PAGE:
I’m physically and mentally exhausted. Yet everyday I come to work as usual because I need to start with the corrections and revisions to my thesis. My move to Canada is planned for the end of this month. My mommy goes back home on the soon, leaving me little time to pack, clean and get on my way with the BF. I have to take care of several things, including changing the name of the owner on the title of my car (my car is paid off, THANK GOD), I need to take kitty to the vet for shots and documents to say that she’s healthy and will not mess up Canada when she enters.
I’m tired of the stress, of coming here to “work”, of enduring criticism by my own family. I’m tired of thinking about how I’ll pay for the 22k I’ve run up in debt trying to cheer myself up and live up the american dream (I have a good paying job in Canada, but it will take a while to get paid, we move to a new place in about a month and there are things to be bought and sold, packed, dumped, or donated). Most of all I feel like sleeping, like going to sleep and not wake up for a few days, or if I do just veg out.
I love my mom, my BF and my family and I know that their comments are out of love, concern for how they used to think of me when I was living with them (especially my parents). I’m grown up now. I have not lived in my parents house in over 6 years. I’d love to sleep in the same bed with the BF, but since our parents’ generation sees that as wrong because we are not married, we cannot do it.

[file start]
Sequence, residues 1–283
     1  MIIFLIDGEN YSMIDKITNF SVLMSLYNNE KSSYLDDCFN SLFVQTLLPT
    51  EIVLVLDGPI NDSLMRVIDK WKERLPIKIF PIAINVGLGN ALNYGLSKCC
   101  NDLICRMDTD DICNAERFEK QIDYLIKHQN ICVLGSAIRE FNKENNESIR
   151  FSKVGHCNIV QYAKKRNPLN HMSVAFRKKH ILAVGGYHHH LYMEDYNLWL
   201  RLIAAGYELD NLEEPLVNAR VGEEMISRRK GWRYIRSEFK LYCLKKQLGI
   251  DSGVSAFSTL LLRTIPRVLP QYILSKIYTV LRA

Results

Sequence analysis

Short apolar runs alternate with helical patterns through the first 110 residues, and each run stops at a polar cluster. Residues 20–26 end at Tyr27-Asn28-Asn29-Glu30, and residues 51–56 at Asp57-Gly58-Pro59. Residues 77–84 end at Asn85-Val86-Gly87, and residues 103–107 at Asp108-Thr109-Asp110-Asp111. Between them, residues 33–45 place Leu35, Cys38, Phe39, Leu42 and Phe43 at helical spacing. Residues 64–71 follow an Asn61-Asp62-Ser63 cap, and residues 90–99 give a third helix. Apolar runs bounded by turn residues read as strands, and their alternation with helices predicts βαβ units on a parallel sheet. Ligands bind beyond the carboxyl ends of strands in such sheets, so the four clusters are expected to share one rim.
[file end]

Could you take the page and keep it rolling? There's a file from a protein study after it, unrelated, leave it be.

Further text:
I’m tired of pretending, of covering up who I am because I need to keep up this image of a “good”, conservative, christian girl. I’m a really good person (even though I do not agree with some views of the Faith/Church I go to/profess), I’d love to get married, someday, but now right at this second, I’m a liberal person. Yet I have to hide my true-self so others don’t get mad, sad or disheartened by my choices, but the way I’ve chosen to live my life, which makes ME happy.
It’s interesting to have the degree, but ALL I want to do is sleep.
I’m two weeks away from defending. I’m still in disbelief after all the trials and tribulations I’ve through. I never thought I’d get this far. Through the years I thought of how much I wanted to quit at times (when a breakup almost had me smash my car and kill myself … not good I tell you; when I failed the qualifying exam and felt like pure crap; or when problems with co-workers had me at my wit’s end). Here’s a list (in no particular order) of some of the things I’ll miss about grad school: